Senate appropriators in their mark up of the fiscal 2020 defense bill restored advance procurement funding to support the purchase of Block 2 upgrades. “The [Appropriations] Committee strongly encourages the Secretary of the Army to assess the increased cost, expected production issues as well as industrial base risks of delaying the successful acquisition program,” states a report accompanying the markup.

Funding added by Congress for 2019 will support additional flight testing by the two JMR technology demonstrators. Bell is continuing envelope expansion with the V-280 tiltrotor. For the Defiant, the Sikorsky/Boeing team is targeting a cruise speed of 250 kt.

The FLRAA solicitation signals “a tip of the hat on the multi-year acceleration that the Army’s committed to,” says Brig. Gen. Walter Rugen, FVL cross-functional team director at U.S. Futures Command. FVL is the Army’s third modernization priority, after long-range precision fires and a next-generation combat vehicle.

The first phase of the CD&RR effort is to deliver initial conceptual designs that include technical documentation to support the design, requirements work and trade studies. “We are committed to equipping the Army’s first unit with Future Long-Range Assault Aircraft no later than 2030,” says Col. David Phillips, FLRAA project manager at the program executive office for aviation.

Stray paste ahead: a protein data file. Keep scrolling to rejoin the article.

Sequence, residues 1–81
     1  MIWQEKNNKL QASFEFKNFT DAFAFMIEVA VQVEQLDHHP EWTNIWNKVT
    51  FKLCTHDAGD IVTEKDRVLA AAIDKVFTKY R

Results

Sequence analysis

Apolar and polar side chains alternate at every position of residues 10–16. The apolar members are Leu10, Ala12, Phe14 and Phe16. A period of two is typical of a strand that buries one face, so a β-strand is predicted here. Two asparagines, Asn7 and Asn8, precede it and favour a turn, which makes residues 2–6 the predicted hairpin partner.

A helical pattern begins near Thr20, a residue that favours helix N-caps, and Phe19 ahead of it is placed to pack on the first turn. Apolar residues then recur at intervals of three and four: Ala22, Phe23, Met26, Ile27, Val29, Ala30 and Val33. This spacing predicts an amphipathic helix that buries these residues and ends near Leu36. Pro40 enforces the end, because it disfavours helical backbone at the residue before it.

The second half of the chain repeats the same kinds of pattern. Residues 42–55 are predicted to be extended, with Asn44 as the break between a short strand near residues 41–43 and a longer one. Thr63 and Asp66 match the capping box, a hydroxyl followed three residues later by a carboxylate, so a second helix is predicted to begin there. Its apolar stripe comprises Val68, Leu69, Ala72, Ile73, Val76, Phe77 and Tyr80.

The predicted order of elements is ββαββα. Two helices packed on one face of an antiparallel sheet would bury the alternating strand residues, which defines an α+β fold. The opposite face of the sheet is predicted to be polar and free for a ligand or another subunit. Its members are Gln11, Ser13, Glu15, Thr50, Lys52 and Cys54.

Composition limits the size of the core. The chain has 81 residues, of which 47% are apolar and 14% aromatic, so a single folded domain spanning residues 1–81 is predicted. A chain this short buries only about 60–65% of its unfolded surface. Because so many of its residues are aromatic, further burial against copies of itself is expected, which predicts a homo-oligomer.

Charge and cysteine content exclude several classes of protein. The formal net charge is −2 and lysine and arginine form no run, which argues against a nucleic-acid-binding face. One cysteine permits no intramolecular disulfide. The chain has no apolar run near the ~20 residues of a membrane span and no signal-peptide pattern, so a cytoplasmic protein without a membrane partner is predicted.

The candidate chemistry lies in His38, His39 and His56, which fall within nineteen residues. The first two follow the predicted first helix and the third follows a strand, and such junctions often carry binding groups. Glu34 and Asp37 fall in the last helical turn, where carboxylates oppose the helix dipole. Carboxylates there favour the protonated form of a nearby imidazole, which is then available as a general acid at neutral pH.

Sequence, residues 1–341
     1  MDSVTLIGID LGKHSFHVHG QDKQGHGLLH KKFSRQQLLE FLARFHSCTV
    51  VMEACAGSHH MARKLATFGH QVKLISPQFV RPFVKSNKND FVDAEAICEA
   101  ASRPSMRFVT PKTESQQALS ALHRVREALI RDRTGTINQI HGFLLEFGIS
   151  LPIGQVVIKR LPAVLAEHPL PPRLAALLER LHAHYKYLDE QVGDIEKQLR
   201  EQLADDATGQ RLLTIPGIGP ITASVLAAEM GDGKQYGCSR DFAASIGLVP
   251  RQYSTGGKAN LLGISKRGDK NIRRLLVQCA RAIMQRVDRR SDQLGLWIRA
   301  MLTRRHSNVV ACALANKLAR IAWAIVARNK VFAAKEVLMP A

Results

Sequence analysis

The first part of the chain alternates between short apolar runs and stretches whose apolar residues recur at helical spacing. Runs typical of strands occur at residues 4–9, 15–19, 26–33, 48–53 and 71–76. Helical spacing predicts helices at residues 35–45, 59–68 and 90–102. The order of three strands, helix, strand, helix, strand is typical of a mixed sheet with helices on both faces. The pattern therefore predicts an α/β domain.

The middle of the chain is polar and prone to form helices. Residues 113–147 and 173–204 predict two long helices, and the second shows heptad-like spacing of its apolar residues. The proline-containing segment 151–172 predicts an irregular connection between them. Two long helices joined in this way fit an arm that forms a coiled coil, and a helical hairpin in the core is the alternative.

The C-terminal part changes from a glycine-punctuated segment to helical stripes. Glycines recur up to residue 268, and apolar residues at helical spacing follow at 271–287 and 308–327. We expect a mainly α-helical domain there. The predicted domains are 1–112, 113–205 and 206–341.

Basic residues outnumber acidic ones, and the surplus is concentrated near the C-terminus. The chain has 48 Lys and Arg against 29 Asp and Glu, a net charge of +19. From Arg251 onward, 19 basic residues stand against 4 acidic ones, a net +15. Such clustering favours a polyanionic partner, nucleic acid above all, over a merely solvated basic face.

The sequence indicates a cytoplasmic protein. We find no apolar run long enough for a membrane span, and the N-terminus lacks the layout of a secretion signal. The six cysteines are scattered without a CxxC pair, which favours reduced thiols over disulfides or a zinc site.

Now that the FVL requirements have been approved by Army leadership, the service will begin sharing information with allies. Australia, Japan, the Netherlands and the UK all are interested in the work the U.S. is doing, says Rugen.

“You’re going to see an international plan probably that models other successful programs that the joint force has done,” Rugen says. “We’re glad to have these partners come aboard.”
 

VTOLicious

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I wonder why none of the contenders picked up the "swiveling tail rotor" concept, especially for FARA. It was introduced by Sikorsky for the S-66 project in 1964 (US Army AAFSS) and tested on a S-61F.